(830) 796-4314 Call for Directions
Medina Garden Nursery
In Bandera, go north on TX 16 for 12.9 miles. Entrance is on the left, across from state highway roadside park, just after crossing the Medina River.
This 14-acre nursery and garden is an excellent site for butterflies. In late summer, the bottomlands along the Medina River are covered with cowpen daisies, which attract large numbers of butterflies. Monarchs migrate through Texas from mid- to late-October, covering trees by the thousands. Next to the nursery is a large field with flowers, trees and shrubs that thrive in a variety of Hill Country soils. A variety of birds can be seen in the pecan bottomlands along the river.
(830) 589-2771 www.medinagardennursery.com
Eagle Rock Trail
Eagle Rock can be viewed from the roadside of FM 2107, 5 miles after turning off TX 16. Mickle Creek Rd. is located another 2 miles down FM 2107 on the right.
Eagle Rock is on private land, but can be viewed from the roadside. Raptors and ravens nest in the crevices on the cliff face. Golden and Bald Eagles have both been seen here, as well as other locally common raptors such as Red-tailed Hawk. Mickle Creek Rd. is a regular route for local birders, with habitats that support a variety of sparrows, grosbeaks, orioles, buntings and other songbirds.
Lonesome Hills Ranch
This 400-acre ranch has an impressive variety of plants, including bigtooth maple, smoketree, black cherry, buckeye, linden, sycamore and a number of rare plants. Mountaintop trails give panoramic vistas of the surrounding Hill Country. A variety of water habitats, including lakes, creeks, seeps and springs produce an excellent diversity of aquatic insects and amphibians. Butterflies abound on the property. Golden-cheeked Warblers nest in the deep wooded canyons, and habitat restoration for Black-capped Vireo has successfully brought these birds to the ranch.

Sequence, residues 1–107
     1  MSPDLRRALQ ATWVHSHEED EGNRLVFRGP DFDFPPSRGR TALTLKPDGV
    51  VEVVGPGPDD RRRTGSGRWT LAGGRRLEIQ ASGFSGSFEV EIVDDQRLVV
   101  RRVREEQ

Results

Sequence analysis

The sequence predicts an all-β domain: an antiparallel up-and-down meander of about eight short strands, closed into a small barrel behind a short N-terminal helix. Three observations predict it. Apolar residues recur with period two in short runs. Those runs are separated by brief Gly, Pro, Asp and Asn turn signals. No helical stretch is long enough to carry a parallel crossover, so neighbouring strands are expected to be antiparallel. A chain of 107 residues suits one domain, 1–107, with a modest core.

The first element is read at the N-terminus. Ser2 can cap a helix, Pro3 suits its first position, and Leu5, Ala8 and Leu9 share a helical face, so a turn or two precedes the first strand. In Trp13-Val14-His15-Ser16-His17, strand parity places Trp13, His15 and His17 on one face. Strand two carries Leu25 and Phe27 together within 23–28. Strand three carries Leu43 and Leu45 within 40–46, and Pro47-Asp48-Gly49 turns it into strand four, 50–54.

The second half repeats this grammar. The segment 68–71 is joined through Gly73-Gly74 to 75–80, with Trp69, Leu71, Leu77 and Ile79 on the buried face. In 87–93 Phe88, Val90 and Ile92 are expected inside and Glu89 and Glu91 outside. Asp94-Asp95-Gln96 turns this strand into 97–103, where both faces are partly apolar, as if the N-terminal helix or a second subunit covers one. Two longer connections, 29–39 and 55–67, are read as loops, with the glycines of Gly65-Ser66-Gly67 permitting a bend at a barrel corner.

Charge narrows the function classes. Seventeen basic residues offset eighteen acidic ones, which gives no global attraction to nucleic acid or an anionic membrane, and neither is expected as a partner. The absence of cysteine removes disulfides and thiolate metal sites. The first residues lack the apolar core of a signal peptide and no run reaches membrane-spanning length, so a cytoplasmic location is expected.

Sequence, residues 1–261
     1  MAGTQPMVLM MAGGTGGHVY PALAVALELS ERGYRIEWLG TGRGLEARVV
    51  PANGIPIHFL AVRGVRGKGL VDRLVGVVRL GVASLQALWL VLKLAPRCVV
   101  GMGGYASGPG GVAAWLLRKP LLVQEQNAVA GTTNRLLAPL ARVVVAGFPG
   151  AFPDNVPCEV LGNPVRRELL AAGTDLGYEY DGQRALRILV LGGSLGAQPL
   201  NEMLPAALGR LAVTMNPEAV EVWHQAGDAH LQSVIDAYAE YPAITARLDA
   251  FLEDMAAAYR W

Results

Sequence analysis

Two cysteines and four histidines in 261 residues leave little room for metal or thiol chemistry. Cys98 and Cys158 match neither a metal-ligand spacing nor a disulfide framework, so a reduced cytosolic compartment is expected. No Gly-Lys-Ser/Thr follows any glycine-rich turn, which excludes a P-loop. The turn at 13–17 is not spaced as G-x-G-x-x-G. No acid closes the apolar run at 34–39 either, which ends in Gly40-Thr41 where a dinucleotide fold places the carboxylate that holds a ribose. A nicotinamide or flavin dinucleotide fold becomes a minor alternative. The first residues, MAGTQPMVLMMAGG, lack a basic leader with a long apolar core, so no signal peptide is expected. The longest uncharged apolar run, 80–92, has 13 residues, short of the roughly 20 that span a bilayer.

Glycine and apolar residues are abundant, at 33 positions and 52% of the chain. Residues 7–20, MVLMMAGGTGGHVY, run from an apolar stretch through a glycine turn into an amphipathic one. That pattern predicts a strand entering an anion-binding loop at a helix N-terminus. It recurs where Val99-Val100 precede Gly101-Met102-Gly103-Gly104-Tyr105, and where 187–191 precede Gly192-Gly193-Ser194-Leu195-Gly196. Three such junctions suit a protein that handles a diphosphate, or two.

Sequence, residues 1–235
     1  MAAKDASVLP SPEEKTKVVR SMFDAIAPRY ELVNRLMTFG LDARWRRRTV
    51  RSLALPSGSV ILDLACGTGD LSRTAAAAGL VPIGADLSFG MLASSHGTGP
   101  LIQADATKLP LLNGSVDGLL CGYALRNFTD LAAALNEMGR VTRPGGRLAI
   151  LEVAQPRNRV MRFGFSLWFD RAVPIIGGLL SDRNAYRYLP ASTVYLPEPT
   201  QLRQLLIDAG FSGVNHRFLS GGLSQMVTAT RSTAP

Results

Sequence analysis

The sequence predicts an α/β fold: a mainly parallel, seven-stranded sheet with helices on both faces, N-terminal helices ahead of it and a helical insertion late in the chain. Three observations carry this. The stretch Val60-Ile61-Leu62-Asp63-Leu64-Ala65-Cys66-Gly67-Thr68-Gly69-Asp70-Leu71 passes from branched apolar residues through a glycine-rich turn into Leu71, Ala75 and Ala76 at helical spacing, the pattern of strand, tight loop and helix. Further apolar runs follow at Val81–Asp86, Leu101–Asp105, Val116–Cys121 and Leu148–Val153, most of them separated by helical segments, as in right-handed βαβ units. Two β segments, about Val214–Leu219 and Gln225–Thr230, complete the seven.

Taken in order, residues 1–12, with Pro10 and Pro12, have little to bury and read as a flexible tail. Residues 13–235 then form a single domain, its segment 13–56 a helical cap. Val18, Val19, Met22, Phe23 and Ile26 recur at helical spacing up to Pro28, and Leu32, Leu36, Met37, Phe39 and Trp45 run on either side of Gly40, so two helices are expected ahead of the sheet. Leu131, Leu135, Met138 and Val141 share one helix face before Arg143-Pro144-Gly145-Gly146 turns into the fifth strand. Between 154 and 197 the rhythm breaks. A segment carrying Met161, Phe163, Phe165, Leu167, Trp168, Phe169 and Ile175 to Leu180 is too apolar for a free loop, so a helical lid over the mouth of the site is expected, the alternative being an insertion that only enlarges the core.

(830) 589-2379 Call for Directions
The Nature Conservancy's Love Creek Preserve
Follow FM 337 west from Medina for 12 miles, the gate will be on the right side across from a large lake.
This 1,400-acre preserve contains some of the most pristine privately owned land in the Hill Country. The habitat contains rich oak/juniper woodland as well as an impressive diversity of hardwoods along Love Creek. The 4.5-mile loop trail through the preserve offers visitors an opportunity to see numerous springs and seeps, a beautiful stand of bigtooth maples and a nesting pair of Zone-tailed Hawks. The full Hill Country complement of woodland birds and wildlife are found here, and dense stands of old-growth juniper make it particularly attractive to nesting Golden-cheeked Warbler. Visits must be scheduled in advance, and all tours are guided.
Trails End Ranch
This 7,200-acre ranch provides guided wildlife tours of multiple Hill Country habitats that include lakes, rivers, stands of live oak and old-growth, oak/juniper woodlands. This large ranch comprises a great diversity of habitats and species. Prehistoric tracks along the riverbed add another element of interest to the site. Exotic animals available for viewing on the ranch include Red Kangaroo, Pere-David's Deer (extinct in its native habitat in China), the endangered Barasingha, Zebra, Oryx, Axis Deer and Blackbuck Antelope. The ranch offers specialized wildlife tours as well as hiking trails. Complete lodging and food services available.
(830) 589-2935 Call for Directions
Dos Arroyos Guest House
Located off of FM 337, 1.3 miles east of FM 187 in Vanderpool.
This 56-acre tract provides unique, dramatic views of giant cypress along the bottom
of Evans Creek, as well as a wooded trail that follows Mills Creek. Golden-cheeked Warblers nest on the property, and oak/juniper/maple bottoms provide excellent habitat for a variety of birds. The property also provides habitat for the endangered Tobusch fishhook cactus. Overnight lodging is available in a comfortable guest house located on the creek.
(830) 966-2200 www.foxfirecabins.com/properties/dos_arroyos.html
A Peace of Heaven Cabins and RVs